Zimbabwe’s fight against COVID-19 continues to hit turbulent waters after it emerged that council nurses who form part of the frontline workers against the deadly virus are threatening to down tools over government’s failure to provide them with personal protective equipment (PPE).
BY PRECIOUS CHIDA/BRENNA MATENDERE
Council nurses from Harare and Gweru have given notice to down tools over lack of protective clothing, which is key to their safety when attending to patients infected with the novel virus, which has killed several health workers in most developed economies worldwide.
Harare nurses have written to council health services director Prosper Chonzi advising him that they could not continue with their duties without protective clothing.
“Our members are severely incapacitated in terms of protective equipment, so they also fear for their lives,” part of the letter by the Zimbabwe Urban and Rural Council Nurses Workers’ Union dated April 10 read.
“They have been watching personnel from countries which have the capacity to provide full PPE, so they are just imagining how they are going to escape contracting this deadly virus when they have very minimum or no PPE.”
Harare nurses have downed tools many times before demanding protective clothing to be able to handle COVID-19 patients. Doctors have also been making similar demands.
Government was on Tuesday ordered by the High Court to provide health workers with protective clothing, but the Health ministry accused Treasury of delaying in releasing the money needed to buy the PPE.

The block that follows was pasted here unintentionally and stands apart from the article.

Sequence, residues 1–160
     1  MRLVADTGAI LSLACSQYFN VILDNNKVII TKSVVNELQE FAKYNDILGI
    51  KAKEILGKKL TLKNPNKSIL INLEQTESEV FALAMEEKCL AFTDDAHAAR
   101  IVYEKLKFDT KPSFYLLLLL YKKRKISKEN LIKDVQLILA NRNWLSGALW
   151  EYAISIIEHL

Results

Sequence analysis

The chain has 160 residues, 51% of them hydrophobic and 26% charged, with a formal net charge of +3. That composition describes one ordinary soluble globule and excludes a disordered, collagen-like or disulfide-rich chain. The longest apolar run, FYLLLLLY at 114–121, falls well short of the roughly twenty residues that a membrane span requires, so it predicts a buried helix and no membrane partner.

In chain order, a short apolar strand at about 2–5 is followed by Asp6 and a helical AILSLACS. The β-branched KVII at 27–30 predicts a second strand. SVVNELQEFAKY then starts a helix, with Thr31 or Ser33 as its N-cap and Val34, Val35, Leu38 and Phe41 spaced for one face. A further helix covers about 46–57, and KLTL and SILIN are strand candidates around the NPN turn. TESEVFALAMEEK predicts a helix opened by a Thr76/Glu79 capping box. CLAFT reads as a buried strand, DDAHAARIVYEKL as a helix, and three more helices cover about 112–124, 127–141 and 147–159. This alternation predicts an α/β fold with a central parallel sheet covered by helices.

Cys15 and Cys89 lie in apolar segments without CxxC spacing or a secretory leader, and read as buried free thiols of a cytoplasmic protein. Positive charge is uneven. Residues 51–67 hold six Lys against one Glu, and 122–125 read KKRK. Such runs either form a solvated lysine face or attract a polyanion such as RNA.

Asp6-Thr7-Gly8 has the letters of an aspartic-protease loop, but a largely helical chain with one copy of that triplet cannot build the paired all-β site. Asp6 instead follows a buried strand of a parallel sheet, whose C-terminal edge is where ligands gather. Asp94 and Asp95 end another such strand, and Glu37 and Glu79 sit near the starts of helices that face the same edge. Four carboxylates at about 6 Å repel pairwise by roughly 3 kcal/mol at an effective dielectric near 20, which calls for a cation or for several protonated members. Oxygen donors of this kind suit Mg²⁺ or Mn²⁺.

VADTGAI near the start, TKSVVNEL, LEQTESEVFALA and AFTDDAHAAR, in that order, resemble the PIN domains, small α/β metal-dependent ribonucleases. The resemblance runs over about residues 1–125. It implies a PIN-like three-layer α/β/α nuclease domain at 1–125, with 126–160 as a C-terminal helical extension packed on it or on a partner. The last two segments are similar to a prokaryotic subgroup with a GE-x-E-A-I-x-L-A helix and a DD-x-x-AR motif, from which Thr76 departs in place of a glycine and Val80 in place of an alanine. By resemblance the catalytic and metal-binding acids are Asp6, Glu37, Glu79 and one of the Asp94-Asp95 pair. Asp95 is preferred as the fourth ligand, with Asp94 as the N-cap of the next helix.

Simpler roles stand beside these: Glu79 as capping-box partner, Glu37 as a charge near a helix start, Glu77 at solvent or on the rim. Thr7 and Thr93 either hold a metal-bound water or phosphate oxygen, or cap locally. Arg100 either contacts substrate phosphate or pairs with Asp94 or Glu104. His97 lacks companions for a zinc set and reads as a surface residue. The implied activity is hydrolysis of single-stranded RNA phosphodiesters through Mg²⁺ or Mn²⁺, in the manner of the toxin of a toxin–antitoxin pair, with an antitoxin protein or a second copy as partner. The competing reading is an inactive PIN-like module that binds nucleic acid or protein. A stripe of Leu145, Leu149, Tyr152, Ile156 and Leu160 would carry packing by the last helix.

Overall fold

The ministry said it required about US$2 million for the needs of medical staff in the fight against the virus.
Gweru City Council nurses also said they lacked PPE to handle the virulent disease.
Douglas Chikobvu, secretary-general of the Zimbabwe Professional Nurses Union, yesterday said nurses could not risk coronavirus infection.
In their demands, the nurses listed space suits (disposable), googles, elbow length gloves, outer coats, gumboots, N95 masks, face shields, disposable head gear and surgical masks.
Chikobvu said the demands were genuine because hundreds of health workers abroad had died in the line of duty after attending to COVID-19 patients without proper protective equipment. “We stand with the Gweru council nurses in their demand for PPE,” he said.
“There is general chorus and outcry countrywide from nurses in city council health centres, government and even well-established private hospitals, sonorously crying in splintered voice for the availability and provision of PPE so that nurses can discharge their duties effectively and efficiently.”
He said because of failure by authorities to avail the PPE, the nurses had “called for the upholding of standards operating procedures in containing the global epidemic”.
Chikobvu said nurses had been resigning from council health centres due to the absence of PPE.
A visit by NewsDay to most of the council-run clinics in Gweru showed there was skeletal staff at Mkoba Polyclinic, Senga, Mkoba 13 and Mtapa.
But Gweru council spokesperson Vimbai Chingwaramusee claimed the nurses were adequately equipped.
“It’s a lie. Our nurses are working and we provided them with protective clothing. We are also procuring more protective clothing to ensure their safety,” she said.